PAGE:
The History of the Crusades: For the Recovery and Possession of the Holy Land

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Lea & Blanchard, 1844 - Chivalry - 280 pages
 

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Page 79 - Reigns that which would be fear'd : 'tis much he dares ; And, to that dauntless temper of his mind, He hath a wisdom that doth guide his valour To act in safety.
Page 205 - Town-folks my strength ; a daintier judge applies His praise to sleight, which from good use doth rise: Some lucky wits impute it but to chance : Others, because of both sides I do take My blood from them who did excel in this, Think Nature me a...
Page 67 - It were better to have no opinion of God at all, than such an Opinion as is unworthy of him : for the one is unbelief, the other is contumely : and certainly superstition is the reproach of the Deity. Plutarch saith well to that purpose :
Page 191 - For herein may be seen noble chivalry, courtesy, humanity, friendliness, hardiness, love, friendship, cowardice, murder, hate, virtue, and sin. Do after the good and leave the evil, and it shall bring you to good fame and renown.
Page 151 - ... the meekest man, and the gentlest, that ever ate in hall among ladies; and thou wert the sternest knight to thy mortal foe that ever put spear in the rest.
Page 276 - They err who count it glorious to subdue ' By conquest far and wide, to over-run Large countries, and in field great battles win, Great cities by assault. What do these worthies, But rob and spoil, burn, slaughter, and enslave, Peaceable nations, neighbouring or remote, Made captive, yet deserving freedom more Than those their conquerors ? Who leave behind Nothing but ruin wheresoe'er they rove, And all the flourishing works of peace destroy : Then swell with pride, and must be titled Gods, Great...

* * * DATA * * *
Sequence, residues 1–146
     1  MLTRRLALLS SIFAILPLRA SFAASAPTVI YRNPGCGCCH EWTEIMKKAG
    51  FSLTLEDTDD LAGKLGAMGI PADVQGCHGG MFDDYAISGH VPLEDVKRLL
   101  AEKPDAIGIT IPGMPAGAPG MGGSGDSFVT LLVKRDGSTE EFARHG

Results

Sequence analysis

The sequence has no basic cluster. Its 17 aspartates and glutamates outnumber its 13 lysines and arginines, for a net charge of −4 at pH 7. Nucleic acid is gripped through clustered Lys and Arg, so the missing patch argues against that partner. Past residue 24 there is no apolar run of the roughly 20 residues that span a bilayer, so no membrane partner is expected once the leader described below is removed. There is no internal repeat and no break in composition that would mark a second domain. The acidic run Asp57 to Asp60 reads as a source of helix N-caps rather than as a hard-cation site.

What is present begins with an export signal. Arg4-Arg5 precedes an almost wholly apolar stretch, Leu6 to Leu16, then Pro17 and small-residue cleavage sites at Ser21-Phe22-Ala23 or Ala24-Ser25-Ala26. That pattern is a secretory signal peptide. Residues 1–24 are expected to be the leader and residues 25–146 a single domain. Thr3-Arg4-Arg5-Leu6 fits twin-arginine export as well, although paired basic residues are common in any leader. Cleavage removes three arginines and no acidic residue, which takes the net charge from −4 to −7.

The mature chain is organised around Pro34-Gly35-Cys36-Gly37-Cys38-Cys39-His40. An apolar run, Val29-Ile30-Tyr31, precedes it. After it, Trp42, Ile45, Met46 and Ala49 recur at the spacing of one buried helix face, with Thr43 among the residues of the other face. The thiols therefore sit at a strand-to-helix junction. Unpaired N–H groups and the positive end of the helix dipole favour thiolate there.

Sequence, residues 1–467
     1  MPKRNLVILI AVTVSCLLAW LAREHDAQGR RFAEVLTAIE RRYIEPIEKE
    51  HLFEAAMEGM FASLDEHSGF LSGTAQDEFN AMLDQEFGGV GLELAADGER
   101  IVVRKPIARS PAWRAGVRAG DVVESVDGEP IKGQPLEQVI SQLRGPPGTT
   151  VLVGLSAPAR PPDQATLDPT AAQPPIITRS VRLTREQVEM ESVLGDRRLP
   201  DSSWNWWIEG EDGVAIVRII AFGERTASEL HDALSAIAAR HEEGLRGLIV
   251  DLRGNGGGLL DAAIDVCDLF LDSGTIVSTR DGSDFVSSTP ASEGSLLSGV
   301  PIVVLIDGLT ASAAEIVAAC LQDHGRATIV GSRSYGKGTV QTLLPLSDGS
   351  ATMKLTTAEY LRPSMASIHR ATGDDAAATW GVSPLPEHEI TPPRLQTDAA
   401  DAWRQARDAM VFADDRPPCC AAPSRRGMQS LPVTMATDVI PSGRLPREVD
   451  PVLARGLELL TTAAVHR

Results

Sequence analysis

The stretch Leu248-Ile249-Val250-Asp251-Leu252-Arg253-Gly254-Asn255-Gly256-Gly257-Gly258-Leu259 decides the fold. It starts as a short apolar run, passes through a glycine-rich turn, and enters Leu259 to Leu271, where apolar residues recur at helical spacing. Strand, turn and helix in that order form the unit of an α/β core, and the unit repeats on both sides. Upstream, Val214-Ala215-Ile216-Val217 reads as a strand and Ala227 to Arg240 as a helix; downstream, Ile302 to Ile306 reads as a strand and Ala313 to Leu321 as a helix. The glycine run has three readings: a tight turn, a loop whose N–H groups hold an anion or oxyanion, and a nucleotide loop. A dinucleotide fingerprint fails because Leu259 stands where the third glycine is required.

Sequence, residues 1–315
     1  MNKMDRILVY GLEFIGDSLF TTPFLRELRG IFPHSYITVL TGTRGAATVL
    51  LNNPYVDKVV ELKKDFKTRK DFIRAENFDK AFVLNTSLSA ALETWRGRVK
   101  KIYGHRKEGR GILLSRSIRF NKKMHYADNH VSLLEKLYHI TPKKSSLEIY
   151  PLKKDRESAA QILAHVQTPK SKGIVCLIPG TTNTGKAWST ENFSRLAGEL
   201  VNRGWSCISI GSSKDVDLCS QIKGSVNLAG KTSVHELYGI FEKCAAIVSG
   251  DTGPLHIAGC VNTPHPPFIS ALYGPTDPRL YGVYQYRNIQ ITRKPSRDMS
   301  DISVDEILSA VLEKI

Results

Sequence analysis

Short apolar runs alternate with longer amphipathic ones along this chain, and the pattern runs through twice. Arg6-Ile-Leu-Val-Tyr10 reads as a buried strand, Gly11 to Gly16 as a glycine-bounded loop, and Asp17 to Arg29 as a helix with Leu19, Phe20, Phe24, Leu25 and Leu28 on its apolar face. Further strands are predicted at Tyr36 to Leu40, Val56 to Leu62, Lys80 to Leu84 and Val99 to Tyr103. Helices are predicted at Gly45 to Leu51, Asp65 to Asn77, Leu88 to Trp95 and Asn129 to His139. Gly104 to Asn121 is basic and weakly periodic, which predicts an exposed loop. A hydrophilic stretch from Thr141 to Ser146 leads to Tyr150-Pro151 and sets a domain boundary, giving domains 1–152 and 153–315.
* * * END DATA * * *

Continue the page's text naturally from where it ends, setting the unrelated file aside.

Page 211 - That titles were not vented at the drum, Or common out-cry ; goodness gave the greatness, And greatness worship : every house became An academy of honour, and those parts We see departed, in the practice now Quite from the institution. Lov. Why do you say so, Or think so enviously ? do they not still Learn there the Centaur's skill, the art of Thrace, To ride ? or Pollux...
Page 114 - She woxe ; yet wist she nether how, nor why ; She wist not, silly Mayd, what she did aile, Yet wist she was not well at ease perdy; Yet thought it was not love, but some melancholy.
Page 53 - And knew his good to all of each degree ; Hight Reverence : he them with speeches meet Does faire entreat ; no courting nicetee, But simple true, and eke unfained sweet, As might become a Squire so great persons to greet.
Page 205 - And lovers' songs shall turn to holy psalms : A man at arms must now sit on his knees, And feed on prayers that are old age's alms. And so from court to cottage I depart : My saint is sure of mine unspotted heart.

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